Scientists have claimed that, contrary to popular belief, self-examination does little to reduce deaths from breast cancer.
Current medical guidance from the Department of Health advises women to be "breast aware" by familiarising themselves with how their breasts feel in their normal state so that they notice any subsequent changes.
However, a new review of data relating to more than 380,000 women found no evidence that self-examinations for lumps or other changes reduced breast cancer deaths.
The practice may even be doing more harm than good, according to the scientists at the Nordic Cochrane Centre in Copenhagen, Denmark, who found that women who self-examined had 3,406 biopsies, compared with 1,856 biopsies in the group that did not do the exams. There was no significant difference in the number of breast cancer deaths between the two groups.
But Maria Leadbeater, clinical nurse specialist at Breast Cancer Care, said: "We know that many cases of breast cancer are identified earlier because women have spotted and reported unusual changes in their breasts to their GP.
"Early detection of the disease can mean more effective treatment and the possibility of a better outcome.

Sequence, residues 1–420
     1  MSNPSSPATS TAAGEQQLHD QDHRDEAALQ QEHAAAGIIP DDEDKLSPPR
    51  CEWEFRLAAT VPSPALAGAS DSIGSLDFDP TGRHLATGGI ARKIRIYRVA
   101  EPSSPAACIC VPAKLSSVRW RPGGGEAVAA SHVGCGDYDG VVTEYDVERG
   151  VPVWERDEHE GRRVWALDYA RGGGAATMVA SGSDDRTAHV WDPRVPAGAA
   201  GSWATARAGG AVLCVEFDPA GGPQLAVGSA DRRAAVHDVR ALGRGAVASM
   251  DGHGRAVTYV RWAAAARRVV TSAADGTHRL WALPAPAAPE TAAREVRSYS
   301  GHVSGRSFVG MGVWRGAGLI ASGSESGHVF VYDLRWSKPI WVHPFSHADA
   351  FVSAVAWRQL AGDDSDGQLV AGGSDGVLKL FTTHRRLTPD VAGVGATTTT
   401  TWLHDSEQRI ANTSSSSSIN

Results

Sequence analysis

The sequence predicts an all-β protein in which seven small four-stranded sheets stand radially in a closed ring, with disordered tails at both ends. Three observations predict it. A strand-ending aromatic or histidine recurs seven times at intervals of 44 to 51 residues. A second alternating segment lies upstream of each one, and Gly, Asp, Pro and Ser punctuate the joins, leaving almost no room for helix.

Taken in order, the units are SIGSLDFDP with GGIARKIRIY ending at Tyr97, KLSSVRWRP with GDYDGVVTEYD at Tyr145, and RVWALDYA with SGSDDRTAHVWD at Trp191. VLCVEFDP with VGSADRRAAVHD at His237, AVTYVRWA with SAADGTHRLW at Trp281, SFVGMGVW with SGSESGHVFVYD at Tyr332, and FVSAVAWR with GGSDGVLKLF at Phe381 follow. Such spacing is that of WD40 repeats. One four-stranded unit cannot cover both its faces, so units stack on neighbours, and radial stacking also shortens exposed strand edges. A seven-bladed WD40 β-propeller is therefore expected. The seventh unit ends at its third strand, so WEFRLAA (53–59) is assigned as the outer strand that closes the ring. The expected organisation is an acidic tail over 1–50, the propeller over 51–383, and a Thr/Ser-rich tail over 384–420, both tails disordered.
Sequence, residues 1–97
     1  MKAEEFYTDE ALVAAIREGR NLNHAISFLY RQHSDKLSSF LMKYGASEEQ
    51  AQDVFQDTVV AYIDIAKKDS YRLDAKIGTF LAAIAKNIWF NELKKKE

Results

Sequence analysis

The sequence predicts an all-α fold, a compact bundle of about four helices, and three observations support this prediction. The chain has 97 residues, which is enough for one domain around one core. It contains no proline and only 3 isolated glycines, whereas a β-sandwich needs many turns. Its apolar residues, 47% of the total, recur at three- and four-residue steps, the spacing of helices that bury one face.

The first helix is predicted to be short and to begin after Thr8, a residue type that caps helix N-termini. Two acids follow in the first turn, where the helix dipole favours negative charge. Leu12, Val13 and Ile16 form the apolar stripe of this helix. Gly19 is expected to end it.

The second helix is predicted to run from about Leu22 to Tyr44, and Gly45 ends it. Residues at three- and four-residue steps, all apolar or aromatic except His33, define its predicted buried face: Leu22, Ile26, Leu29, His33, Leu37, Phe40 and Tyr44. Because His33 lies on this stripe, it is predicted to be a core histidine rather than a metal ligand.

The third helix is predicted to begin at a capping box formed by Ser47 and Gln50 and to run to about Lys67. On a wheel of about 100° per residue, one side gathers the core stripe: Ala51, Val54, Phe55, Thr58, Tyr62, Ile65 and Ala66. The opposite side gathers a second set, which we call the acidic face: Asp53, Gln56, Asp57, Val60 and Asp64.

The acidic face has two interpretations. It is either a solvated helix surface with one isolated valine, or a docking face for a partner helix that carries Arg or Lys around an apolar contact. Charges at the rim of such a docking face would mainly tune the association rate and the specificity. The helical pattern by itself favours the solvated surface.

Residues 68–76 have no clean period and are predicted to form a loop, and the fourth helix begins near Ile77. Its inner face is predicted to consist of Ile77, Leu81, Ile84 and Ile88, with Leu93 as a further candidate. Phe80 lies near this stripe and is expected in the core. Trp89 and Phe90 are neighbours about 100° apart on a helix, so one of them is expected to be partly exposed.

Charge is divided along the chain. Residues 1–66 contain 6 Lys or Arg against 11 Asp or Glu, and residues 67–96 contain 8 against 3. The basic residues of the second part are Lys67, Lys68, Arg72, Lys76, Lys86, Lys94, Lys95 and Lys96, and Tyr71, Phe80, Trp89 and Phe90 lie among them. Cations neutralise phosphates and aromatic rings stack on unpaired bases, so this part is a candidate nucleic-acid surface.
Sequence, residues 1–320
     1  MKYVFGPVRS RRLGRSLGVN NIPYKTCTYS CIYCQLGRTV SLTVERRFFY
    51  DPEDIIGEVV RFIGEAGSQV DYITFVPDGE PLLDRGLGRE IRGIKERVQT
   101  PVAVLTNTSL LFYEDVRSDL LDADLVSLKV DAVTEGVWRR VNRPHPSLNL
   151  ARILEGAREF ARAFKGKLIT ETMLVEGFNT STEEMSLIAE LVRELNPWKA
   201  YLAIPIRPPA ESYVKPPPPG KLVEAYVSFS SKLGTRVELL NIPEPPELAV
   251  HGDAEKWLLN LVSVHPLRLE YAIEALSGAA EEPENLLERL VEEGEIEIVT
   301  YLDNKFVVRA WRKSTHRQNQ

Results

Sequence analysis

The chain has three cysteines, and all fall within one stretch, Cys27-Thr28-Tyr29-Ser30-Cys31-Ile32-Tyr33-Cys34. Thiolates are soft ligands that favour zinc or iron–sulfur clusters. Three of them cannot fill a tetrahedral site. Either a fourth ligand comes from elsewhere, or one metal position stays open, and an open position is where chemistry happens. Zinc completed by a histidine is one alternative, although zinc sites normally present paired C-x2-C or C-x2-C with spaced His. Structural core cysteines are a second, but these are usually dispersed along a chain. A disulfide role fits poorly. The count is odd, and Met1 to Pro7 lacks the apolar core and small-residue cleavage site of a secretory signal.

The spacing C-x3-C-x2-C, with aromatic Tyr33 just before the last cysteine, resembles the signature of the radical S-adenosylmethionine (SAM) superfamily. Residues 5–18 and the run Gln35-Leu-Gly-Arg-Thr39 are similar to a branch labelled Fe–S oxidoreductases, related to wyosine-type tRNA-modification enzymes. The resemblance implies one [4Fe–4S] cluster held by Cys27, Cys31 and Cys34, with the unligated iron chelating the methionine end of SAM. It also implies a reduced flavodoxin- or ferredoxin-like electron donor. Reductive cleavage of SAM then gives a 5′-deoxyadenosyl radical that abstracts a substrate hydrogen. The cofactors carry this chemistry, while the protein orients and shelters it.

"Prescriptive 'breast self-examination' as discussed by this data review, which suggests that women should rigidly check their breasts in a particular way at a particular time, has been largely discredited for many years in the UK as it was found to be unhelpful and discouraging.
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Do you encourage your female patients to check their breasts? Your comments: (Terms and conditions apply)
"Yes, always. I have two friends (both nurses) who discovered breast lumps that turned out to be malignant" – Susan Wood, Northamptonshire
"Yes, I still do encourage patients to be self-aware of their breasts, as I have also nursed a patient who just had a normal mammogram, and a week later found a lump by her partner with slight pluckering of her breast" – KC Song, Harrow
"Yes I do. It is essential to advise and teach female patients to do so. Prevention is better than cure. Does one wait for a lump or any changes of breast appearance to be found before seeking advice. It is ok for those wanting to abolish the practice, as they may well not yet found a problem - good for them. I am afraid I will continue to give the advice and encouragement. I do not consider a false alarm a reason for discontinuing the practice." - V Henry, London
"Yes, for all women undertaking a smear or attending for HRT." - Mary Swinney, Hebburn
"Yes, I do for all young and older female patients coming for NPM. Also reinforce to all other patients to look out for changes in nipple size, discharge, breast size, etc. It is good health education." - Sheba K, Barnet
"I encourage breast awareness and reporting of any noticed changes. This is not just about looking for lumps and bumps. Skin changes, changes in size and nipple discharge are also important." - Munchkin, East of England
"Yes I do, most commonly when I am doing other well woman checks such as smears." - Helen Ellison, Hampshire
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